(1947 – 2003)
Paul Toolooktook was born on May 6, 1947, at the Beverly Lake District (Tipjalik). Like most Inuit artists, he came from a family of carvers and printmakers. His mother, Martha Aptanik, carved and made prints and his stepbrother, Basil Aptanik, is very well-known for his sculpture. Paul began carving from a very young age, and sold his first sculpture in 1959 at a local Qamani’tuaq co-op.
A few years after selling his first piece, Paul’s work was featured in Arctic Values ’65, an art exhibition at the New Brunswick Museum in Saint John. The sculptures in this exhibition included robust figures and detailed transformation scenes that were carved in dark Kivalliq stone. These kinds of sculptures were very characteristic of his early work.
In 1970, Paul was one of the four Canadian artists who were chosen to perform carving demonstrations at the World’s Fair in Osaka, Japan. At this event, he carved in front of hundreds of thousands of international visitors, which included royalty. The following year, his sculptures were featured in the landmark exhibition Sculpture of the Inuit, Masterworks of the Canadian Arctic, which toured internationally. Then, in 1972, Paul began creating stonecuts for the Annual Baker Lake Print Collection, and continued to do so for the next 15 years. During this time, he cut stoneblocks for several celebrated artists. Thus, Paul’s work throughout the early 1970’s was instrumental in establishing what would be a long and successful career, and solidifying his place as one of the most prolific and influential Inuit artists of his time.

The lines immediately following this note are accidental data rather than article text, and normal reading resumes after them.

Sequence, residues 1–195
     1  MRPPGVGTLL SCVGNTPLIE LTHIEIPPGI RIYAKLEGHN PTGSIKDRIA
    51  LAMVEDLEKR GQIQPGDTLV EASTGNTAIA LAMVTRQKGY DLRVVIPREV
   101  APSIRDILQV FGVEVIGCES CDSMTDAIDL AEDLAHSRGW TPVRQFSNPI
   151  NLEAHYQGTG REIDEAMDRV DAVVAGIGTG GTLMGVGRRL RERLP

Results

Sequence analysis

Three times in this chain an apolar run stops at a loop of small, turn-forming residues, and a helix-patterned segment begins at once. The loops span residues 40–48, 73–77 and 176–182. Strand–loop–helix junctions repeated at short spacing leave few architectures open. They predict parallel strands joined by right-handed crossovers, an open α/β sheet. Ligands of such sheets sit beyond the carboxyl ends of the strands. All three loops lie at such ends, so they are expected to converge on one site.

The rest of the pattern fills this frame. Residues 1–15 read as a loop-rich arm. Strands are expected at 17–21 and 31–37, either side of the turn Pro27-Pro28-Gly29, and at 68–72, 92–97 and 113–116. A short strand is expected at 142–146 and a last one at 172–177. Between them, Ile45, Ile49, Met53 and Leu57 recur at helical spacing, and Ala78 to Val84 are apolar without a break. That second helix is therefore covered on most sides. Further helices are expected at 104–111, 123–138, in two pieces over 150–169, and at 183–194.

Paul used his privileged position in the Canadian art community to advocate for other Inuit artists. Many of these artists, including Paul himself, faced several challenges, particularly in regard to accessing carving materials and finding an audience for their work. In response to these issues, Paul founded and presided over the local artist association, which he named Ujaraqtatit. In 1994, through this organization, Paul teamed up with the Inuit Art Foundation to provide two weeks of skill-building workshops for carvers in the community. These workshops were just one of the many initiatives that Paul participated in and helped facilitate.
Prior to founding Ujaraqtatit later that year, Paul attended the Beyond Boundaries Intercultural Sculpture Symposium in Ottawa. This symposium was organized by the Inuit Art Foundation, in partnership with the Ottawa School of Art, for the purpose of allowing Inuit and Southern artists to work alongside each other. Paul very much enjoyed participating in this event, which allowed him to learn from, and collaborate with, a wide variety of other skilled artists. Furthermore, it was at this symposium that he learned how to carve with power tools, which helped him achieve even greater detail in his pieces.
Throughout a career that lasted over forty years, Paul was able to develop a distinct personal style. In both his carvings and his prints, Paul’s work was incredibly smooth, with flowing lines and precise facial detail. His human figures were startlingly emotional, particularly those that depicted transformation.
Although Paul carved a diverse collection of figures over the course of his career, he had a special fondness for creating birds. While birds are often considered to be a simple subject, Paul had a knack for making this figure his own. The birds he carved were usually depicted mid-transformation, with human faces, stylized hair, and menacing fangs. The end result was always beautifully complex, and these birds became a trademark of his work.
Overall, Paul’s attention to detail and ability to capture empathy in the stone made him stand out as an exceptional Baker Lake artist. Between his incredible skill, his influential role in the Canadian art community, and his advocacy for his fellow artists, Paul’s importance in the survival and growth of Inuit art over the last half-century cannot be overstated.